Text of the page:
In the Art Marketing Minute Podcast, you’ll learn how to sell your art, how to market your paintings, and everything else you need to know in order to have a successful art career. Each episode answers questions from artists by host Eric Rhoads, author of “Make More Money Selling Your Art,” publisher of several art magazines and newsletters, and author of

Does your art website or newsletter need a catchy title? Are there any traps that artists can be aware of and avoid? Eric Rhoads answers in this week’s Art Marketing Minute Podcast.

Listen to the Art Marketing Minute Podcast: Episode 74 >

Submit Your Art Marketing Question:

What questions do you have about selling your art? Email Eric today at [email protected] (include your name and where you’re from) to hear your question answered on an upcoming Art Marketing Minute Podcast.

FULL TRANSCRIPT of the Art Marketing Minute:
DISCLAIMER: The following is the output of a transcription from an audio recording of the Art Marketing Minute. Although the transcription is mostly correct, in some cases it is slightly inaccurate due to the recording and/or software transcription.

This is the Art Marketing Minute with Eric Rhoads, author of the Amazon best selling book, “Make More Money Selling Your Art.” In the marketing minute we answer your questions to help your art career brought to you by, the place to go to learn more about marketing. Now, here’s your host, arts magazine publisher, Eric Rhoads.

Eric Rhoads:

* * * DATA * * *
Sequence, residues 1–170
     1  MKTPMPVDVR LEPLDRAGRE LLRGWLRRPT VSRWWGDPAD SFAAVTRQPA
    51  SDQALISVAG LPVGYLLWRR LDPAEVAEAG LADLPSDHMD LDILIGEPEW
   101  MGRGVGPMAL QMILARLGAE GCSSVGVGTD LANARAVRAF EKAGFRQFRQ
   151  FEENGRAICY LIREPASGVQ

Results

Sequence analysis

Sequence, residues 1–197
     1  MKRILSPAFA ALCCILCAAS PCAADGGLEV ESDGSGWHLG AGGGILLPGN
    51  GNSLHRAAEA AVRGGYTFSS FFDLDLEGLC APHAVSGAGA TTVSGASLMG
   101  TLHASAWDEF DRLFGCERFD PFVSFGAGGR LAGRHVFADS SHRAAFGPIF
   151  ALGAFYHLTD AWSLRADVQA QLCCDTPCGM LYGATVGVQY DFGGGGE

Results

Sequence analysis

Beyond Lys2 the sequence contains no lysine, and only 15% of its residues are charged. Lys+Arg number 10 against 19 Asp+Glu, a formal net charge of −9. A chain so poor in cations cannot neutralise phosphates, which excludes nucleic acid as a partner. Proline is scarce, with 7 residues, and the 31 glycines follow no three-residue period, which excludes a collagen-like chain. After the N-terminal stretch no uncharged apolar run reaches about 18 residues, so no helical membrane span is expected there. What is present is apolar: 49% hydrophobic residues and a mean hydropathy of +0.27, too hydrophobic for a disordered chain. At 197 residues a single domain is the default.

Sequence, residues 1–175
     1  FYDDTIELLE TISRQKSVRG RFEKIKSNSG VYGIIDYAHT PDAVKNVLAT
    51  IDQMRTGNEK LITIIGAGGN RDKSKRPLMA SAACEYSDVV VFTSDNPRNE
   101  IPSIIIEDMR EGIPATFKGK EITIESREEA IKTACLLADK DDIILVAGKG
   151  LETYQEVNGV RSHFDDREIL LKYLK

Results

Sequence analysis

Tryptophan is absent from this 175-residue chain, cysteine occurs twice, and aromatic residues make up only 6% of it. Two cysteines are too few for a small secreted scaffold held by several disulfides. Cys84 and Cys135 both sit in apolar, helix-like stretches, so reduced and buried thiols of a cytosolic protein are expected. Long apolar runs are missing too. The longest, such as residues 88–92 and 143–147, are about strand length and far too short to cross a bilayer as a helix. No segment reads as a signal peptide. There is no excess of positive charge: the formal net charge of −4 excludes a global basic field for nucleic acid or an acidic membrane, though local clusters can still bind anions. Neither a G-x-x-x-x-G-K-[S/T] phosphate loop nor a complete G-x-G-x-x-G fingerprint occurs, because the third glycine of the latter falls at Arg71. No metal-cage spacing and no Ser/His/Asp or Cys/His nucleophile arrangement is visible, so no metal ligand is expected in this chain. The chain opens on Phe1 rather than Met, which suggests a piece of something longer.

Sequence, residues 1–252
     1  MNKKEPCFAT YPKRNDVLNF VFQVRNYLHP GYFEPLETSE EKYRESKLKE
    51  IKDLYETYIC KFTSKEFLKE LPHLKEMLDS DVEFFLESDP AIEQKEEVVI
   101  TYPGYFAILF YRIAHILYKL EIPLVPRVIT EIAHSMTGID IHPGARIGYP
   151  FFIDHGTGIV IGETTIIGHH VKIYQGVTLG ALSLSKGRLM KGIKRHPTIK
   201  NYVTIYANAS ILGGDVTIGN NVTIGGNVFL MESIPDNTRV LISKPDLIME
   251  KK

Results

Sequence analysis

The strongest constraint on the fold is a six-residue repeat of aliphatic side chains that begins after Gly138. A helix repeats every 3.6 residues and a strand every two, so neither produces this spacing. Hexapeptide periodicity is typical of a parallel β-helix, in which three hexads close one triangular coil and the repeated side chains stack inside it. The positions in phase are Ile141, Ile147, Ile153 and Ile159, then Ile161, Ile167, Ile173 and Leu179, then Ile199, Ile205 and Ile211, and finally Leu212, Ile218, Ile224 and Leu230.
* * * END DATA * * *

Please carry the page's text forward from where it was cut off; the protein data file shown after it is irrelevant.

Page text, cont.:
In the marketing minute I answer your art marketing questions yours can become part of the broadcast if you email me, [email protected]. We also have our own art Marketing Podcast. It’s the same content that we just push out as a separate podcast. And so if you don’t want to listen to plein air podcast, which you want the marketing, you can just go there. Now here’s a question from John O’Neill in Albany, New York who says I’m finally ready to start a website and a newsletter. My question is, does it need a catchy title or something that’s more direct? Like my name? Well, John, I think you know, in my book, make more money selling your art or whole a whole thing on websites. And that’s something you want to check out. But first off, everybody says, Well, I have to have a website, well, the web is changing, and things are changing a lot. Now, the question is, before you even create a website, you have to ask yourself, what’s my strategy? Why am I creating a website? What do I have? What do I hope to have happen with that website? Is my website, a branding tool, a way to show my artwork? Is it a way to sell my artwork? Is it all of the above? What is the 80%? Or what is the one thing that you really want to focus on and try to figure that out before you decide if you’re going to start a website, because, quite frankly, nowadays, you can kind of do almost the same thing with Facebook and Instagram. And there’s also a lot of other things that are trending. So you may want to ask yourself, Is this really necessary anymore? Now, there’s a lot of people out there that make great websites, and you know, you can kind of make your own through them. And some of them are art specific, and some of them are not, you’re going to have to decide what works for you. But do you need a catchy title or something that’s more direct? Well, catchy titles can be risky. You know, if you were, remember Thomas Kincade, the painter of light I mean, that was a catchy title. And but yeah, and then for a long time, everybody was, the painter of this and the painter of that, but I’m not so sure it really meant anything. You know, what you’ve got to do is figure out what is the focus on what do I really want to spend my time doing? The big mistake that I think artists make when they’re trying to market themselves, they try to be too many things to too many people, they try to do too many styles or they try to do too many subject matter. Figure out first what it is you want. So if you are going to be a catchy title, or if you’re maybe it doesn’t even have to be catchy. It might just be you know, John O’Neill, landscape painter, it might be john O’Neill, ocean painter, seaside painter, or whatever it is, you’re good at, you know something because we can’t all be good at everything and you want to kind of get known for something. So first thing I think is, put your name up there, John O’Neill and then then if you want to say I have a subhead, that is kind of an explainer, you know, a subhead explainer is like Coca Cola and then it’s is the real thing, right? So I don’t know if that means anything anymore. But it did it maybe at one time. So you got to think about that. But no, your name is fine. And people are going to Google your name and you want them to find you. And this is an opportunity to brand yourself. Now one mistake I think a lot of people make is they love they fall in love with their signature, and they put this big, unreadable signature at the top of their website. Now, that’s okay. That’s okay. If you also put your name on top of it in text that somebody can read. But a lot of people can’t read that stuff. Everybody thinks they can. And you know, there’s nothing worse than a signature that nobody could read, at least put your name on the back of the painting, too. We’ll have a whole nother thing on the back of the painting sometime. Anyway. Hope that helps.